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Petition aims to halt razing BCHS

A local woman upset with the upcoming demolition of the 66-year-old Boulder City High School has recently circulated a petition rallying against the changes.

Tisha Chapwin has only lived in Boulder City for two years, but when she heard that the high school would be torn down to make room for a new one, she took to her computer and started an online petition against the changes. The petition, which launched Friday night, has garnered nearly 1,000 signatures for those in favor of keeping the school and making upgrades to the existing structures.

“There are so many people who have memories here, three and four generations who have been through this school,” she said. “We moved here because we love the charm of the city. It seems so homey here. Why change that?”

Overcrowded classrooms at the new high school have been a central concern for several teachers, as the new classrooms will be smaller than the current ones.

City Councilman Cam Walker, who has led the charge to acquire the funding for a new high school from the Clark County School District, said the teachers’ previous claim that the new school would not have natural light was false.

“The most important thing is that there are more windows in this new rendering than I think people expected,” he said.

Although it will be debated for the next couple of months, Walker said the current design shows each classroom having nine windows. The windows will be slightly above eye level, and Walker has told the architects that they want to incorporate the historical elements of Boulder City into the new design.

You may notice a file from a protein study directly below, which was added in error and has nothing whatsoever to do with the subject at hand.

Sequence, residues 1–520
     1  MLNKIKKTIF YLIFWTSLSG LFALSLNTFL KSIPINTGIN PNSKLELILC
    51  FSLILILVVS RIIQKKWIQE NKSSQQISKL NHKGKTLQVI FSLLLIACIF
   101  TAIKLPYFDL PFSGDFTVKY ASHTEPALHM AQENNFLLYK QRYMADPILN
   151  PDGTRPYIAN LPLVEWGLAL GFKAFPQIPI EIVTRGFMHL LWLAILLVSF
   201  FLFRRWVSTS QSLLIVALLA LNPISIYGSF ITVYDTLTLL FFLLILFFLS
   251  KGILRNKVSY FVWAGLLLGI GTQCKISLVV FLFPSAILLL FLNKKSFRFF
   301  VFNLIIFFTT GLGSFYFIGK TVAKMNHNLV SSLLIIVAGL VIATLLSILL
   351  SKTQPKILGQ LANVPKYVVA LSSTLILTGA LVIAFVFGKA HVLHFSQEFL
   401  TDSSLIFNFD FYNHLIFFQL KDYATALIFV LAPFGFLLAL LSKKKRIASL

He encouraged everybody to view the proposed design inside City Hall, and he also noted that the Clark County School District had determined that the current school was no longer salvageable about a decade ago.

“Let’s have facts and professionals to help us make decisions,” he said.

But the school district still controls the size of the classrooms, according to Mark McGinty of SH Architecture, which is leading the design process of the new school. He said a classroom in Boulder City will look the same as a classroom in any other part of the district because of a design guideline the district has for all its schools.

“If you’re teaching math in Moapa or Laughlin and you’re in a modern school, they should be the same rooms,” McGinty said. “But the configuration of the entire outside of the school could be 100 percent different.”

But Walker said that may not be the case for Boulder City since some of its rooms have multiple uses. He said the size of some classrooms will be tailored toward each need depending on its use.

McGinty said outside alterations can be made to give the school a more historical feel, but all changes must be considered with the budget in mind.

In October, the School Board awarded Boulder City High School $16.3 million to build new classrooms and administrative facilities.

“CCSD has instructed us that everything is on the table,” McGinty said.